The decision by the world’s biggest countries to overhaul the international tax rules have grave consequences for Ireland. The changes proposed by the Organisation for Economic Cooperation and Development (OECD) yesterday inevitably mean an end to tax-avoidance schemes such as the so-called ‘Double Irish’, which enables foreign companies to channel profits though their operations here to the Caribbean to avoid paying almost any taxes anywhere.

That loophole in the international tax laws was not created by Ireland, but we have benefited from it as companies shifted operations from their home countries to Ireland for tax reasons.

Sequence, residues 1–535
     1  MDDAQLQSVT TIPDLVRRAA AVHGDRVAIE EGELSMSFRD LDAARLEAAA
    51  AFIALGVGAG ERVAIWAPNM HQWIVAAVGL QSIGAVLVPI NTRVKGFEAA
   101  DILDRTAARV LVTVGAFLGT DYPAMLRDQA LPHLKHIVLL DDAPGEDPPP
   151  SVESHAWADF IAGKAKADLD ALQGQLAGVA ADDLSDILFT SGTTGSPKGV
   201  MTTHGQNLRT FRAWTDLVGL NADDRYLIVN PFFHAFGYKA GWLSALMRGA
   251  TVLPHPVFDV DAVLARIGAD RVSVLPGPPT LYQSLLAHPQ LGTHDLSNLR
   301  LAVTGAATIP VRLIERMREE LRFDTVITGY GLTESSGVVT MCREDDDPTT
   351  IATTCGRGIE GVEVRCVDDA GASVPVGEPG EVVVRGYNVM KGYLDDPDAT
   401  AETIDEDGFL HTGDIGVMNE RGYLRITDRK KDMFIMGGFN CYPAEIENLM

The authorities here have known for some time that the abolition of the ‘Double Irish’ was inevitable, but adopted a ‘No Surrender’ attitude. That stance has played well at home, but done us few favours overseas.

We need to compromise on these schemes, knowing that this might cost jobs, while doing everything we can to preserve the corporate tax rate of 12.5pc which secures hundreds of thousands of jobs and is currently not under threat.

A possible end to the 12.5pc rate, and not the ending of the ‘Double Irish’, is the real threat to the Irish economy. The 12.5pc corporation tax rate is a major factor – although it is only a factor – in why Ireland has been so successful at attracting foreign direct Investment.

OECD Chief 488411089